Kinetic Modeling of Lignin Biosynthesis in A. thaliana for Improved Biofuel Production
Rohit Jaini1*, Longyun Guo2, Peng Wang2, Rachel McCoy2, Clint Chapple2, Natalia Dudareva2, John A. Morgan1,2
1School of Chemical Engineering, Purdue University, West Lafayette, Indiana 47907, 2Department of Biochemistry, Purdue University, West Lafayette, Indiana 47907
Lignin is a hetero-phenolic polymer formed as a result of radical polymerization of monolignols namely coniferyl, syringyl and p-coumaryl alcohols – products of the phenylpropanoid pathway. It imparts structural strength, vascular integrity and pathogen resistance to plants. Although lignin is essential for plant sustenance, it renders valuable lignocellulosic biofuel feedstock recalcitrant to chemical, mechanical and biological treatment. Several attempts to manipulate lignin monomer content and composition, to improve forage digestibility and saccharification efficiency, have revealed a lack of understanding of the dynamics and regulatory properties of monolignol biosynthesis. We are developing a kinetic model to elucidate the underlying mechanisms regulating carbon flux through the phenylpropanoid network. Kinetic parameters for the model will be obtained by non-linear least squares optimization of metabolomics data from Arabidopsis thaliana stem tissue fed with [ring-13C6]-phenylalanine, the pathway precursor.
As a first step, we developed a novel and comprehensive analytical method based on liquid chromatography coupled to tandem mass spectrometry (LC-MS/MS) for quantifying intermediates of the phenylpropanoid pathway. The experimental procedure entailed extraction of metabolites from A. thaliana stem tissue using 75% (v/v) methanol in water as a solvent. The extract was then analyzed using reverse phase LC-MS/MS by electrospray ionization in the negative ion mode with multiple reaction monitoring (MRM) of two ions (Q1–parent/Q3–daughter) per compound. The chromatography method was improved by tuning for chromatographic parameters such as buffer concentration, flow rate, pH of mobile phase, and column temperature. Transgenic Arabidopsis plants with knockdown or overexpression of the ferulate 5-hydroxylase gene were utilized to validate the analytical method. Next, isotopic feeding experiments with three different concentrations (100, 300 μM & 1 mM) of [ring-13C6]-phenylalanine were conducted to obtain kinetic parameters for the entry reactions to the phenylpropanoid network, starting at phenylalanine to p-coumaroyl CoA.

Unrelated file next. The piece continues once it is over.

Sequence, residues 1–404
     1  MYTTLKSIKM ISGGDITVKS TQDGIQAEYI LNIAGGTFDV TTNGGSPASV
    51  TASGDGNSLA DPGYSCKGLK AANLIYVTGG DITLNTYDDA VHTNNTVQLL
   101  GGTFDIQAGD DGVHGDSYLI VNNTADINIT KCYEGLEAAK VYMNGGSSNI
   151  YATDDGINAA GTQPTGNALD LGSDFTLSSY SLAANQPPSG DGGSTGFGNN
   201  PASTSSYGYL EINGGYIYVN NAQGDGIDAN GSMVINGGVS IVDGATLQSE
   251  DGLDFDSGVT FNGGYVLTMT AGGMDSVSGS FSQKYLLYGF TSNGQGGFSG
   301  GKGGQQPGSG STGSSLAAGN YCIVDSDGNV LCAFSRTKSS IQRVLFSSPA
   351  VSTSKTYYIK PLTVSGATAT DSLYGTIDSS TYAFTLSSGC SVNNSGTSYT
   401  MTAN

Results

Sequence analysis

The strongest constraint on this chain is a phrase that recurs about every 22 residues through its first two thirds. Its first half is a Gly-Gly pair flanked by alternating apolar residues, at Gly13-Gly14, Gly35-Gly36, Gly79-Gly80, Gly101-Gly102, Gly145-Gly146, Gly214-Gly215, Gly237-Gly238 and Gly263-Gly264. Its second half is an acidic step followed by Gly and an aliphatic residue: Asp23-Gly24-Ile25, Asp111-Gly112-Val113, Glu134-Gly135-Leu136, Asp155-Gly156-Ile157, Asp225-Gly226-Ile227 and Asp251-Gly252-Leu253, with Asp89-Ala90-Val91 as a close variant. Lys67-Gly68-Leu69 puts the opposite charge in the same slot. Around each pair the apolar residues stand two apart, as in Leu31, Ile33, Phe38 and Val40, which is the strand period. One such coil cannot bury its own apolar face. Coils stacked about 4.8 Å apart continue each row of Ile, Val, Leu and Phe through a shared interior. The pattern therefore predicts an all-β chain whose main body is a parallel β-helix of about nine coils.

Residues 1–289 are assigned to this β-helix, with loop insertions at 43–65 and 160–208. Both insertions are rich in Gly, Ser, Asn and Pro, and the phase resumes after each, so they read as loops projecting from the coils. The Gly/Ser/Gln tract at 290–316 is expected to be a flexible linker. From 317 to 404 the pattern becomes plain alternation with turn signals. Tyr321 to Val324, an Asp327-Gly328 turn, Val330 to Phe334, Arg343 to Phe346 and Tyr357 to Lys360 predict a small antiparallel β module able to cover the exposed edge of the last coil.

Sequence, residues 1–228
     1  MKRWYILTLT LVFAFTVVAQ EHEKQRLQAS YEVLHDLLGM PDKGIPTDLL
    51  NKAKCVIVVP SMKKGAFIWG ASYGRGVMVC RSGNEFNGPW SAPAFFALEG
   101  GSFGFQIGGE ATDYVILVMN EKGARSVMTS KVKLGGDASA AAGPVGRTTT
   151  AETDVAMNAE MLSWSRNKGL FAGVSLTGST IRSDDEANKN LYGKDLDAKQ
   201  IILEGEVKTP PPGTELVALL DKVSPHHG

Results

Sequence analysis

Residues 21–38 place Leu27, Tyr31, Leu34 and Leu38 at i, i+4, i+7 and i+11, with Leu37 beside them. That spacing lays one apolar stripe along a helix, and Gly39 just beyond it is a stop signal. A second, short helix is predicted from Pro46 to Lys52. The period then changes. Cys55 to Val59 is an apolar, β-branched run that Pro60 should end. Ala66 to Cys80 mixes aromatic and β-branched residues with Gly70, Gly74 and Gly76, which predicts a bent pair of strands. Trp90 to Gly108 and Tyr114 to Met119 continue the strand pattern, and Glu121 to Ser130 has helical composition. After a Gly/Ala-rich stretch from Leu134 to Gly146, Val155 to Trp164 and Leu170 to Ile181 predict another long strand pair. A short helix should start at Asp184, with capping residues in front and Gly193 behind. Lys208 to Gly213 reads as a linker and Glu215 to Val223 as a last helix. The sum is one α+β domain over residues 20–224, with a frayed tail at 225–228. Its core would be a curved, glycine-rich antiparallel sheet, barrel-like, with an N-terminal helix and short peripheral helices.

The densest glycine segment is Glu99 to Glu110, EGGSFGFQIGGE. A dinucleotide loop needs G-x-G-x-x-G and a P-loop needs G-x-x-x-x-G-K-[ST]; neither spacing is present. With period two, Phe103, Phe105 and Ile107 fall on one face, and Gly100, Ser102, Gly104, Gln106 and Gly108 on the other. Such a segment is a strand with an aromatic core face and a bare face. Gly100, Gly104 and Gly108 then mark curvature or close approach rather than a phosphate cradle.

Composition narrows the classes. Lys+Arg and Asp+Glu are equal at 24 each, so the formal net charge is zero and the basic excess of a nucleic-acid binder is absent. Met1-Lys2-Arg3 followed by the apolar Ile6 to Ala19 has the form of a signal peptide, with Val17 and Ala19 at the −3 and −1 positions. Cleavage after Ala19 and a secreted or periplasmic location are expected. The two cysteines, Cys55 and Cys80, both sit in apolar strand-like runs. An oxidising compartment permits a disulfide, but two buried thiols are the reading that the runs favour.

The analytical method allowed detection and quantification of 12 of the 17 compounds of the pathway for which standards were available in wild type tissue. Signal suppression due to matrix effects and analyte losses during sample preparation and extraction were accounted for by standard spiking studies to accurately quantify the pathway metabolites. A set of kinetic parameters were identified that simultaneously fit fractional label and pool sizes of the endogenous intermediates obtained using the analytical method. The model showed good agreement with experimental data allowing reliable parameter estimation. Model validation was conducted using an independent data set obtained on a pal1/pal2 knockout line. Our study has laid foundation to extend the kinetic model to the entire metabolic network and shows promise as a predictive tool to facilitate rational metabolic engineering of plants for improved biofuel production.
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